I got in trouble with my peers in high school. My cool punk friends stopped by one afternoon, and discovered my record collection.
Why I had punk friends, I’m not sure. I guess I made one friend in that group and eventually hung out with his friends too. He had a band (The Suburban Punks, so there was no genre confusion) and when we went to hear them play Kinks and Sex Pistols covers, we tore our shirts and fastened them with safety pins.
But horror of horrors, I had an Eagles album. They grudgingly approved of The Cars. But The Long Run? Heart Greatest Hits?! Thereafter I could tag along, but it was understood. I wasn’t really one of them.
High school cliques are downright legalistic about music and clothing style. Having moved three times, it was on my radar more than most kids’. Looking back I see a girl dressed in 90’s grunge before her time. When a sparkly purple New Wave friend sneered at my flannel shirt and moccasins, I didn’t bother trying to adapt. By the end of high school I’d embraced my own style, and reaped the rewards when it went mainstream in my 20’s. God I was cool then!
My personal style has again left the mainstream, at least for this decade. And I’ve learned more benefits to adapting as it comes into play in everything from buying a car, to remodeling projects, to the work I do in graphics. Style is big big business for kids and grown-ups alike, but what is it really?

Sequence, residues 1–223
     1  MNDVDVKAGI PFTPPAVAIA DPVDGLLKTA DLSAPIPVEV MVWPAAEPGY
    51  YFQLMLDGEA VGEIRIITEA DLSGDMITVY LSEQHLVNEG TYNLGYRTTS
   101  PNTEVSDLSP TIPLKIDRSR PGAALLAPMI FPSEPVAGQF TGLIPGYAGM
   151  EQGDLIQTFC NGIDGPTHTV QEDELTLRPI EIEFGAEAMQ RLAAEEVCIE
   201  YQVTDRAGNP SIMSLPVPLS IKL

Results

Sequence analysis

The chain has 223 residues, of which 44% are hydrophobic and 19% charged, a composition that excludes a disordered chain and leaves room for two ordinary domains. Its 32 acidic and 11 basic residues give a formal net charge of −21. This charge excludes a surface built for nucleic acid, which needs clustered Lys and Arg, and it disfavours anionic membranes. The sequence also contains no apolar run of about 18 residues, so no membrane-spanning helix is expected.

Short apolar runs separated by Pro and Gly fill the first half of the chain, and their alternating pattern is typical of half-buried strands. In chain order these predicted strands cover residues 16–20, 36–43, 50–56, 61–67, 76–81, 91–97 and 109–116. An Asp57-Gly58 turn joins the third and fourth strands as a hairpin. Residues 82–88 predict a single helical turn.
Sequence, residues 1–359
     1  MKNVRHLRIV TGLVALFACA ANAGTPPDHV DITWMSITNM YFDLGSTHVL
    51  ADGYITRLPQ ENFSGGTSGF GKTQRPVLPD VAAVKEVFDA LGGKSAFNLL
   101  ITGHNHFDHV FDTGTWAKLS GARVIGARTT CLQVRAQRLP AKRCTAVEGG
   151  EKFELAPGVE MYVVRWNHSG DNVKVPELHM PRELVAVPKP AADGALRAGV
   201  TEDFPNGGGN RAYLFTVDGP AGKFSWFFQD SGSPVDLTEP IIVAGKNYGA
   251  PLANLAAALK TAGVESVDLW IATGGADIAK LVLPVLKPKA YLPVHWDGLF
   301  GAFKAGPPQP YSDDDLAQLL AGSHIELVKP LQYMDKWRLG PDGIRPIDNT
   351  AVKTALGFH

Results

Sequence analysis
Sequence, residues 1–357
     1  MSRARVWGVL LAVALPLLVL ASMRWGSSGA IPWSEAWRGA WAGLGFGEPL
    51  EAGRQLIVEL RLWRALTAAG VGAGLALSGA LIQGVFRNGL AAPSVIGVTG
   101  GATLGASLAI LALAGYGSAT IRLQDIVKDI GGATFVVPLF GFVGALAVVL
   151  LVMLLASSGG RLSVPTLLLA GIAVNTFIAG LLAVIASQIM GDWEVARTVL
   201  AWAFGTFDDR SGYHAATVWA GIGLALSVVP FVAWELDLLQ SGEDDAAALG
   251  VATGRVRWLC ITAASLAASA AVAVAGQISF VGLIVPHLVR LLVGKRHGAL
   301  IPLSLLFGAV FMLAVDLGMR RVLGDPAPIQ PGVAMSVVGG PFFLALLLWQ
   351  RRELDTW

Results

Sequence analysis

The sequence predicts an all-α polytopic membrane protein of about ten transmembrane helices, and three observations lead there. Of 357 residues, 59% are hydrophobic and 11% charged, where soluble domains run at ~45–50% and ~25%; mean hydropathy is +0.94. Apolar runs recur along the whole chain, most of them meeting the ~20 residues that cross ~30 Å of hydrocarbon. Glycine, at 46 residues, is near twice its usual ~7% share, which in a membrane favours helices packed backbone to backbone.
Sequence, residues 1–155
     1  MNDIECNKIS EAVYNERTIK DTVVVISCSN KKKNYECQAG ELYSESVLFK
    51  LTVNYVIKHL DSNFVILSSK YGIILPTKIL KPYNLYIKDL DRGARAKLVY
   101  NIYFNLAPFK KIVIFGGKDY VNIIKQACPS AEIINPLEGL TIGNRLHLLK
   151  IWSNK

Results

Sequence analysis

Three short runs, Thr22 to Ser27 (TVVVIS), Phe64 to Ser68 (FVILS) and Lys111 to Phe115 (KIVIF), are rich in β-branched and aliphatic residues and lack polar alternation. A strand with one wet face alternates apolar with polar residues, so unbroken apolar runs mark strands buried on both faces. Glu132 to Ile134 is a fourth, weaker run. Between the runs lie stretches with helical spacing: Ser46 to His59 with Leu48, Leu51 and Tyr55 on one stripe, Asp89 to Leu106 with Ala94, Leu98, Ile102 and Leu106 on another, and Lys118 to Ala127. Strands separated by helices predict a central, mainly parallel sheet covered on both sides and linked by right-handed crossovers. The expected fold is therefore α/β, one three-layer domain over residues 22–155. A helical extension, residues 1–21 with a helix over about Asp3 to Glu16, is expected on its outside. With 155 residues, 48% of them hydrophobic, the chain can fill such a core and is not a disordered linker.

At age nine my daughter got quizzed on her “style” in tween books and on websites. Are you a Brainiac? Supergirl? Tomboy or Girlie-girl? Fitting in to some imaginary grouping makes her school with 1000+ kids seem a little more manageable. I also went to supersized public schools, and when my little girl asks what style I think is hers, I tend to say a little of this, a little of that. And I remember my Eagles album in tenth grade and wonder, should I encourage her to adapt her personal style for the sake of fitting in more comfortably?
Grown-ups ask ourselves the same thing every day. iPhone or Galaxy? Chunky highlights or natural? Love this granite counter-top, but granite is so over now and we need to think resale value. Can I put natural grain in a modern kitchen? Use a serif font in this modern ad layout? It really depends on our goal.
In trying to attract people, be it new friends or clients, we often adapt. We’re lucky when inserting a bit of our personal taste is attractive to the folks we want. But we keep the quirkiness to a minimum (pink striped pants at Echo and the Bunnymen is coming to mind) when you’re the “new kid” and want to keep shock value to a minimum. A nod to a current trend or two, I am resigned to think, is often advisable.
I’m fine with the fact that I’m a derivative artist today, merging status quo popular “styles” with a small dash of quirkiness for standout value. Since the Big Bang it’s really all been derivative, anyway.